Now picture this, instead of one Russian, 6 walk in. They don't speak English, but they don't seem to care to either, they are talking and laughing amongst themselves, you don't understand what they are saying, but you are pretty sure they are poking fun at you, your friends your hangout, your town. As the night goes on they get louder and more obnoxious, you and your friends are getting fed up with them.......
|¿los Americanos feos?|
Learning the language does not have to be a big deal, and all you need is enough to get you started. You can do lessons on line, attend a class, choose one of the many options available for travellers, you don't need college level ability, you need to be able buy a few staples, get directions, find hotels and restaurants etc. you can even take lessons along the way, take a break and take a class, Google will find it. Even if you are a totally incompetent linguist, your hosts will appreciate the effort.
Learn something about the culture. It is easy to be rude when you don't know you are being rude. Every time a 'foreigner' pisses you off at home, consider that the person may not be trying to be intentionally rude, they just did not bother to learn what acceptable behaviour is 'over here'. Still rude is rude, and ignorance is no excuse, so try to make sure you do not step on any toes when you are away.
Being familiar with ordinary customs will also ease frustration, people in Latin America eat their meals at different times than in North America for instance, it can be very frustrating trying to find a restaurant when they are all closed and you think they should be open.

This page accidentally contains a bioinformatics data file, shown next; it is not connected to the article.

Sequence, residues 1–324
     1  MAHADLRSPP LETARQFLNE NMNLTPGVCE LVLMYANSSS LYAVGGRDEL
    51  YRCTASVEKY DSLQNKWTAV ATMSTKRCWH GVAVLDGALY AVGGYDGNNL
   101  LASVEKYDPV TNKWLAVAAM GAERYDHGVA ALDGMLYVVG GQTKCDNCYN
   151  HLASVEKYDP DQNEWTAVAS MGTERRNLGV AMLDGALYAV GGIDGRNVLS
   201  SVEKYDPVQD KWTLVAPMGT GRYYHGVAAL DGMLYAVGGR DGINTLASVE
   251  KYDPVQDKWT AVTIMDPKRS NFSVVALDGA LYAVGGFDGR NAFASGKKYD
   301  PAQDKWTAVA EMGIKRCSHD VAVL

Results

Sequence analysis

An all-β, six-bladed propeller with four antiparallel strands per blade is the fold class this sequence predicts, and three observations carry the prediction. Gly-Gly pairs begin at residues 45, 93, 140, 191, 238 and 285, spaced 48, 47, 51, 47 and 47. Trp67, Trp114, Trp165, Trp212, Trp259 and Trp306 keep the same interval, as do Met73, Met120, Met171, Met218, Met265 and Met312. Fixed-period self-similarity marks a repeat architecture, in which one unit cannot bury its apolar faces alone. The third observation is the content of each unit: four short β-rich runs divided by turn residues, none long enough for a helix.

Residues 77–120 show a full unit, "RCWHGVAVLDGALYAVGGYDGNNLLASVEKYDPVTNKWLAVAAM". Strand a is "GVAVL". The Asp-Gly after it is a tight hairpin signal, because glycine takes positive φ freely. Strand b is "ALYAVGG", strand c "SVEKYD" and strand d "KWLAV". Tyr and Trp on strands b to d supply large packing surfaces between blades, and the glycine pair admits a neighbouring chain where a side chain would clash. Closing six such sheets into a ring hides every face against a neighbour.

And never forget that when you are travelling, wherever you are travelling, you are a guest, and guests have responsibilities as well as hosts.
Another thing I did was research the kind of bikes people would be riding in Central and South America. I wanted a bike that would blend in, and I wanted an adventure bike that could handle any kind of road or no road at all. I also wanted a bike I could pick up easily by myself after it fell over. My choice was a KTM 640 Adventure, which was probably not the best choice. Before I left, the KTM met all requirements, dealerships in every country, good reputation for providing service and parts to travelers, excellent off road capabilities, so so for highway touring, but easy to pick up after it it falls over.
What I failed to account for was KTM's 'ready to race' characteristics, best re stated as don't hitch a thoroughbred to a plow and expect it to be happy about it. Crappy gas, hit and miss maintenance take a toll over 30,000 kilometers.
A better choice would have been a KLR 650 or a 650 Vstrom both of which were fairly common sights on my trip. Once you arrive in Mexico anything bigger than a 250 is overkill unless you plan to stay on the toll roads or on the Baja peninsula. An excellent Mexico bike, if you can find one, is the street legal made in China 250 cc dual purpose bike. They are cheap and nasty, but they run for ever, and every tiny town you come to has mechanics who can keep them going with bailing wire and chewing gum.
One thing that did work out well, few people know what a KTM is, but it does resemble the aforementioned no name department store Chinese dual purpose bikes which are as common as fleas in Central and South America, as the Chinese factories copy KTM styling, so somewhat ironically, the rarely seen KTM looks just like the flood of KTM imitations. Keeping it mostly unwashed was also a deliberate strategy to deflect attention, as well as appealing to my lazy self.
Avoiding el distrito turístico was more of a personal preference, I was not interested in them or what they had to offer, I was more interested in finding out what Mexico and the rest of Latin America was like for the people who live there, but as it turns out, it was also a lot safer. Lets face it, if you want to make a living robbing people, you should go where you find the most cash, and where nobody knows you. In other words, no mierda en la cama.